So what am I doing about it?

The only way to change things is to do life differently.

First, I’m gonna have to get over my fear of having seizures on the bus, and just deal with it if it happens. I can’t rely on Adam to take me places when he’s got to work all day.  I used to use public transportation all the time when I lived in Boston.  It shouldn’t be that different here in Chicago.

Secondly, I’m going to have to find things to do outside of the apartment so that I am not alone.  I’m looking towards for inspiration.  I’m also thinking that there should be yoga classes at the Y that I can take advantage of.  Maybe I can make some friends there.

Lastly, I’m not just expecting things to change on their own, or for things to be made better with a pill. I have to go out there and find some happiness, regardless of the weather.

Oh, and the Paleo Diet — The Hospital Cured Me of That.

They didn’t allow me to stick to the Paleo Diet while I was in the hospital.  So I’m done beating my brains out trying to eat “clean.”  I’m going to exercise daily. I’m going to keep my portions small, and I’m going to be able to eat like a normal human being, at any restaurant I want.

I refuse to stay miserable. I will claw my way back to happiness, changing 1 thing per day until I feel better.

Sunny Anderson’s Grilled Fennel with Grilled Jalapeno Sauce – Paleo! Am Feeling So Much Better Today

Yesterday was awful, but today’s not so bad.  I think it’s all a matter of withdrawal and normalization, this “coming off of antidepressants” thing.  Sure, I drop down again tomorrow, but at least today, I’m not feeling so bad.  I’ll take a good day where I can get it.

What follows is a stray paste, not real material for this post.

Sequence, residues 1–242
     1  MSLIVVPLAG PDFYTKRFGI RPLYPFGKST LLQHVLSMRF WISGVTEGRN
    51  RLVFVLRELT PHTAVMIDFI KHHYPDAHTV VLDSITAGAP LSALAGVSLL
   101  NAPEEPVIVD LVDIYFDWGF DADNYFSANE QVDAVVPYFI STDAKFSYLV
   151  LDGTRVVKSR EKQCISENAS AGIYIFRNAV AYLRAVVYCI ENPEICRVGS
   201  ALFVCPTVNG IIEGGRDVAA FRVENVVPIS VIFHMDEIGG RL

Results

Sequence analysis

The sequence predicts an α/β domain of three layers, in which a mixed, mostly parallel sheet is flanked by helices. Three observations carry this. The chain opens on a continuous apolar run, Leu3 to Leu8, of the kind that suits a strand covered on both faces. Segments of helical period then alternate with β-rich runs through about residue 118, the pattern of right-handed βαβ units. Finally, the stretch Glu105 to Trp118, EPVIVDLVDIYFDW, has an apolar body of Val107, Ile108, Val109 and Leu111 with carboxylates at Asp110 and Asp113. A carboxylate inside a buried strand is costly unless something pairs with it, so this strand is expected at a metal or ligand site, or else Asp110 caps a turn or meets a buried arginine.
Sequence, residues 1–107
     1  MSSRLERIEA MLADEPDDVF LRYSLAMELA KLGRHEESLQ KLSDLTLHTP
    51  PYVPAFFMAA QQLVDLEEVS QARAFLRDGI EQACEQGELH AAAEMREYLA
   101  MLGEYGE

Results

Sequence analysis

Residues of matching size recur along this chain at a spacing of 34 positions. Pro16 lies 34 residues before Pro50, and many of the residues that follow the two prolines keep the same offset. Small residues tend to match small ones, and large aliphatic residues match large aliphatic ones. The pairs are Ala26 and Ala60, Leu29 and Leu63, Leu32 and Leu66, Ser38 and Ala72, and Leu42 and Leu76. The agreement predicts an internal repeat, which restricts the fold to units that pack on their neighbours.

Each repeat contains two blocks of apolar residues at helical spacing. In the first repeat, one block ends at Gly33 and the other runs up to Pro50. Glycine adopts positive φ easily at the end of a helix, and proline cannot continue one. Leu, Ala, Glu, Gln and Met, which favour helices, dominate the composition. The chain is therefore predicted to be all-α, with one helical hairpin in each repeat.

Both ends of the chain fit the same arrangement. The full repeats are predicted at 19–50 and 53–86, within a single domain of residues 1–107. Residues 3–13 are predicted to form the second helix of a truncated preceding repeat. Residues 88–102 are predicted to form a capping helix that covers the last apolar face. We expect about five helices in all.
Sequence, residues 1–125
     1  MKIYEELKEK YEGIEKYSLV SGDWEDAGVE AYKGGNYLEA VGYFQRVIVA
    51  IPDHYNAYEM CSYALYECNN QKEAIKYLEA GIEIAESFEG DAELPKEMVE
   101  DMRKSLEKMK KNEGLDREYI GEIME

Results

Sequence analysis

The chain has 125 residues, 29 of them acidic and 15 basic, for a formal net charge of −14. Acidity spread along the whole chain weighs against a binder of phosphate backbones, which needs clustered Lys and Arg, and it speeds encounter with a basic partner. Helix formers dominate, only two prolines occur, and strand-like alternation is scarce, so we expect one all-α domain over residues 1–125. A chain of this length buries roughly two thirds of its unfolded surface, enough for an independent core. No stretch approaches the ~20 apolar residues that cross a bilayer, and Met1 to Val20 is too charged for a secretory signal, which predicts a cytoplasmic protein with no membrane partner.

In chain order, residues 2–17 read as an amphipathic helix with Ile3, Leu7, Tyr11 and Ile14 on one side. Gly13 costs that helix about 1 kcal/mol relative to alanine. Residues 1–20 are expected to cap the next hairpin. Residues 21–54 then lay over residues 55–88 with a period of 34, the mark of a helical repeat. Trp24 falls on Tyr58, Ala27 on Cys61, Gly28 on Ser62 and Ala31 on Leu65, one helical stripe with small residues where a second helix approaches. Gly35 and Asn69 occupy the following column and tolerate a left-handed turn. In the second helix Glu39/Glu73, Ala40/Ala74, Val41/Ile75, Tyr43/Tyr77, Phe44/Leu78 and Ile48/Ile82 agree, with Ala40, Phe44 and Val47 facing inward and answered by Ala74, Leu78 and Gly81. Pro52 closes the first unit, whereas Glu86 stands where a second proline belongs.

Today, I’m trying to get a bag packed for the hospital next week and get the house neatened up so that it’s good to go.

Oh! And here’s some news! Our foster kittens got adopted!  We drop them off to their new owners tomorrow afternoon.

Other than that, not much is going on. I’m really enjoying going through Food Network’s website and trying to get at least 1 paleo recipe for each of their chefs.

It’s pretty awesome to me that each of their celebrity chefs has at least 1 (if not more) paleo recipe in their top 100 most popular recipes featured on the website.  So without further ado, here’s today’s recipe.

Sunny Anderson‘s Grilled Fennel with Grilled Jalapeno Sauce


  • 2 bulbs fennel, stalks removed and fronds reserved
  • Salt
  • 2 tablespoons olive oil
  • Freshly ground black pepper


  • 1 whole jalapeno
  • 1 teaspoon olive oil
  • Salt and freshly ground black pepper
  • 1/4 cup honey
  • 3 teaspoons apple cider vinegar


For the fennel: Heat a grill or grill pan over medium-high heat.